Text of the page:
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Technology's impact on how we work and what customers want

On April 13th we conducted an E-mail survey of our readers. We used 100 replies to tabulate the results. Of them, 58% were builders and 42% were renovators. The breakdown by province was: from Ontario - 42%, British Columbia - 27%, Alberta - 17%, Quebec - 7% and all others provinces - 7%.
Company size in terms of employees was as follows. For builders, 71% had fewer than 5 employees, 19% had from 6 to 15 employees and 10% had from 25 to over 100 employees. The average was at 8 employees. For renovators, 52% had fewer than 5 employees, 38% had from 6 to 15 employees and 9% had from 25 to over 100 employees. The average number of employees for renovators in the survey was 9.1.
More interestingly, as to business experience and longevity, 76% of the builders and 86% of the renovators have been in business from 11 to over 20 years.
Websites are becoming an important tool for the industry, with 72% of builders and 62% of renovators having one. Of those who don't have websites yet, about half are planning one for the near future.

Of builders responding, 50% said they build fewer than 5 homes per year, 13% build 6 to 10 homes, 20% build 11 to 30, 16% build 31 to 100 and one builder builds over 100 homes. The average for the 58 builders was 19.5 homes built last year.
For renovators, the average number of jobs last year was 43. We did not ask, however, the size of the jobs. Of the respondents, 44% did fewer than 10 jobs, 32% did between 11 and 30 jobs, 14% did between 31 and 100 jobs and 12% said they did more than 100 jobs last year.
When conducting an e-mail survey, obviously there is a lack of response from those who do not use email yet. But, if you are one who uses e-mail and fit the above profile, we hope these findings from your peers will be of use to you.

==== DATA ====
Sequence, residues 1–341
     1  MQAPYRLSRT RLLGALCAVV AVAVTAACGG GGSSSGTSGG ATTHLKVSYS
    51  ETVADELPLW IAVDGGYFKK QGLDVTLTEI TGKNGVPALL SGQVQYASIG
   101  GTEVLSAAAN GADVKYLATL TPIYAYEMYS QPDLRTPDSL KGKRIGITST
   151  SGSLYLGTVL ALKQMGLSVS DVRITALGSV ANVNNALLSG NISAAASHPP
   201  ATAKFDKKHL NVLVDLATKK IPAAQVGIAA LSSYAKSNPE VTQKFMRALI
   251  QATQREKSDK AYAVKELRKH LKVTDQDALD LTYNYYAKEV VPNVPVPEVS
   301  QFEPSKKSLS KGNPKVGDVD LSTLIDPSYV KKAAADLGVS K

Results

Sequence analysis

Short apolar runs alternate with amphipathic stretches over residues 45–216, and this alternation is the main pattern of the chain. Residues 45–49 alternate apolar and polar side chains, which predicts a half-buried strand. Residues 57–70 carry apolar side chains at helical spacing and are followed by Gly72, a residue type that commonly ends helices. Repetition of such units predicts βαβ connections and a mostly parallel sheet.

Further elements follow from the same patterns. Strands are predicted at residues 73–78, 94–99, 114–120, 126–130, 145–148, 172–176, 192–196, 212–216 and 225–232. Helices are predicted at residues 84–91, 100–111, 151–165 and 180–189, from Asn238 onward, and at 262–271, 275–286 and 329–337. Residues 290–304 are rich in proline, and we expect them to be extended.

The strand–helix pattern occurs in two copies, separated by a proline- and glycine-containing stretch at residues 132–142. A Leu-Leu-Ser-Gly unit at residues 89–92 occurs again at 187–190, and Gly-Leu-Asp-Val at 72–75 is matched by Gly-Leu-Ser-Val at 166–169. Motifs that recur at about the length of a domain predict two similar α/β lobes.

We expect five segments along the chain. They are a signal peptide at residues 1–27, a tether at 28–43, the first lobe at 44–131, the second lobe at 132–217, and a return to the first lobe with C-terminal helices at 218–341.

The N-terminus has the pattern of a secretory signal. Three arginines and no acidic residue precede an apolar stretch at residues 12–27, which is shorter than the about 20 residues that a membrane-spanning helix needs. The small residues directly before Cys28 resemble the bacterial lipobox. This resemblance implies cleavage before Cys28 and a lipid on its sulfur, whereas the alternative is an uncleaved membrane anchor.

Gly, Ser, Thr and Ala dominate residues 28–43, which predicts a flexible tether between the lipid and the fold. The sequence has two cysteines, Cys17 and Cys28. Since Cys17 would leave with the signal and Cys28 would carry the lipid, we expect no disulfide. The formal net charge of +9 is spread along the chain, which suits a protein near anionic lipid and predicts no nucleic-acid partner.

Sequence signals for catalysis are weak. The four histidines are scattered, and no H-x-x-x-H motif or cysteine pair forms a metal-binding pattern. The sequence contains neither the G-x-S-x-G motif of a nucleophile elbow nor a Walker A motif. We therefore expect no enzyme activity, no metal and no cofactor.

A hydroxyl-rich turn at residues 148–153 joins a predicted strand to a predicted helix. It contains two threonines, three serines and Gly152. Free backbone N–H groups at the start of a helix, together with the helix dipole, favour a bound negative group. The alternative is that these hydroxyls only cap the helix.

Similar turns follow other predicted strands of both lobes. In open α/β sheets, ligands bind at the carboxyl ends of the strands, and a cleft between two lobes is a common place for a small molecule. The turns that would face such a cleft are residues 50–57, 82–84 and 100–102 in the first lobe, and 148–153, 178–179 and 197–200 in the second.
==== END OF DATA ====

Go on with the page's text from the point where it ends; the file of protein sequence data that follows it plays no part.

Extent of computer use and skills
With no surprise, e-mail and internet are used by almost everyone (96%), while staff use is only at 65%. Computers are used for management by 64% and for accounting by 60%. Computers are used by most to communicate with clients (78%) and for estimating (64%). Other uses are: buying products (57%), communicating with staff (57%), project management (54%), placing orders (41%) and selling (39%). See chart on top.
Readers rated the cell phone as the most useful high-tech tool followed by the desktop computer in the office, a digital camera and the good old calculator. Other tools of importance were: electronic levelling tools, notebook computers, PDA organizers, jobsite surveillance equipment, electronic measuring tapes, GPS and finally, pagers. Results were almost identical for builders and renovators. See chart on left.
The two most important tech items to customers were thermostats and security. Both builders and renovators agreed. Builders placed LAN wiring and the smart house wiring concepts next. For renovators, it was lighting systems and LAN wiring. While thermostats were the leading concern in most of the country, security ranked most important in British Columbia. See chart below.

Overall, after those 4 most important products to customers came: smart house wiring, home theatres, house audio, house video, intercom and intercom video.

Source: Home Builder Magazine Reader Survey, April 2006

Home Builder Magazine will continue to conduct timely surveys about issues of concern. If you'd like to participate, please register (click here) to be counted and to let us know what you think.

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